Sony PS-FL7 turntable Page 2

Despite its unusual appearance there are no difficulties in setting up the PS-FL7. There is no suspension of any sort that I could detect (not even the usual Japanese soft rubber feet) so placement requires some care, although the cabinet seems to be virtually dust-proof so the records stay clean during playback and one doesn't have to get up half way through a side to remove lumps of lint from the stylus.

There is no grounding cable for the arm but despite this, and the proximity of the arm wiring to many complex processes going on inside the machine, I could not hear an excess of hum or any other unusual noises through the amplifier as the records played. The main motor was silent and the arm servo unobtrusive – an improvement over that of the Technics SL-10 turntable with its distinctive 'bump-thump' noises which sometimes become noticeable during quiet musical passages.

sqnote Tim Listens
Given its unusual layout and construction, it isn't surprising to find that when it comes to sound quality the PS-FL7 cures some of the ills of a conventional turntable but in turn introduces a few of its own. For example, the very short arm seems capable of the sort of lively, largely uncoloured sound that one normally associates with CD yet it's unusually sensitive to warped records. A traditional arm can usually handle warps without much audible effect, but in the Sony one can see the changes in the vertical tracking angle (VTA) of the cartridge as it rides over the humps. While I'm sure that no HFN reader allows their records to become warped (!) there inevitably comes a time when a not entirely flat disc has to be played, and in extreme cases a loss of tracking security was noted with this deck, the effect being increased distortion in the area of the warp.


With the Sony XL-250G cartridge supplied with our review sample I found the sound to be a little hard and bright for my taste, although the overall effect of this will depend to a great extent on the partnering system used. However, swapping the Sony cartridge for a moving-magnet Audio-Technica AT85EP produced a tonal balance with which I was much happier.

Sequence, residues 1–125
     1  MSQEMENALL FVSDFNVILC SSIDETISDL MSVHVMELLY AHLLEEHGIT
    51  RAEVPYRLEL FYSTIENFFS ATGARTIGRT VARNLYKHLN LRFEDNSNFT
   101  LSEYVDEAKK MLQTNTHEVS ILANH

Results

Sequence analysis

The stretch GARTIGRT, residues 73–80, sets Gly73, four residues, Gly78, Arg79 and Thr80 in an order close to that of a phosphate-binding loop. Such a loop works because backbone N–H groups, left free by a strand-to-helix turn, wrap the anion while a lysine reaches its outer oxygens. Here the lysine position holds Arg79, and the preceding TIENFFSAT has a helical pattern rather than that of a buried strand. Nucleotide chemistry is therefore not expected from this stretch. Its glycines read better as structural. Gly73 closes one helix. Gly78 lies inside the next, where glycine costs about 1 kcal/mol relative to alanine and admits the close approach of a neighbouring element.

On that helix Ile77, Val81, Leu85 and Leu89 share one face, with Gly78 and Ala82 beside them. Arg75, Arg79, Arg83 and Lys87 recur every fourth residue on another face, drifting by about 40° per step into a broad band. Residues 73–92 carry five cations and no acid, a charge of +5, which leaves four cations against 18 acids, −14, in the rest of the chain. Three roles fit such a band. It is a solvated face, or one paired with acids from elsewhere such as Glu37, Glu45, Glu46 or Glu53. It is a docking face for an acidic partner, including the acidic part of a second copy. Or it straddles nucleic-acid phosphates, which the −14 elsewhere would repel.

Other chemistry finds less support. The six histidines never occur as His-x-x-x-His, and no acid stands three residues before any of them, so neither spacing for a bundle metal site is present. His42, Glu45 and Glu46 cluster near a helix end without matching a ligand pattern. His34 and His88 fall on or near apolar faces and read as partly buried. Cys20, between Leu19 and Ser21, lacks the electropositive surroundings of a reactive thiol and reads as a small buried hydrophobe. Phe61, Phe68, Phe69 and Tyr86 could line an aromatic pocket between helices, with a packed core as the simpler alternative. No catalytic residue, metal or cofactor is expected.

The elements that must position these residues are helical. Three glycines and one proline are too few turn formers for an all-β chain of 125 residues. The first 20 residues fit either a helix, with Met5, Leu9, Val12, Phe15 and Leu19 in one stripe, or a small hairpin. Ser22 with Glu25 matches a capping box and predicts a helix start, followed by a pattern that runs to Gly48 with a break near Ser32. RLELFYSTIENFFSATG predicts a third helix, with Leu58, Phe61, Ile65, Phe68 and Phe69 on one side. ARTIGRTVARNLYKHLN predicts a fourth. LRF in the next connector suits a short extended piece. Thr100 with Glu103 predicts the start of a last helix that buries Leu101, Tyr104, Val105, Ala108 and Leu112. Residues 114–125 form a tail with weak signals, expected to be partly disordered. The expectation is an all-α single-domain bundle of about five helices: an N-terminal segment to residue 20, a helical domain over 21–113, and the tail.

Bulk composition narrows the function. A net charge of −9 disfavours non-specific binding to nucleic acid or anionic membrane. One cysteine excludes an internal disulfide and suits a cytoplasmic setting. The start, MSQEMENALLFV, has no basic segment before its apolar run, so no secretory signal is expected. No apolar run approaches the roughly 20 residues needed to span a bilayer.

When used with reasonably flat records, this combination showed the PS-FL7 to be a decent performer which just seemed happy to play whatever was loaded into it in a matter of fact, ungilded manner. 'Driver's Seat' from Sniff 'N' The Tears 1978 album Fickle Heart [Chiswick CWK 3002] sounded pleasingly upbeat when heard on the PS-FL7, with a most satisfying bite to the guitars that open the track. One could describe the sound as being like a TV picture with the contrast setting turned right up, strikingly vivid at the cost perhaps of some of the fine detail. For rock and some electronic music this is, of course, exactly what you want, although some may prefer a presentation that is a bit more relaxing.

Right On Track
Some classical pieces benefit from equipment having a bit of vim however, an example being Deutsche Grammophon's recording of Beethoven's Piano Concerto No 1, with Maurizio Pollini and the Vienna Philharmonic [DG 2532 103]. While there wasn't quite the space around the performers that top-flight linear-tracking turntables such as the Technics SL-10 and the B&O Beogram 4000 [HFN Jun '14] can provide, the performance from Sony's PS-FL7 was still an involving one.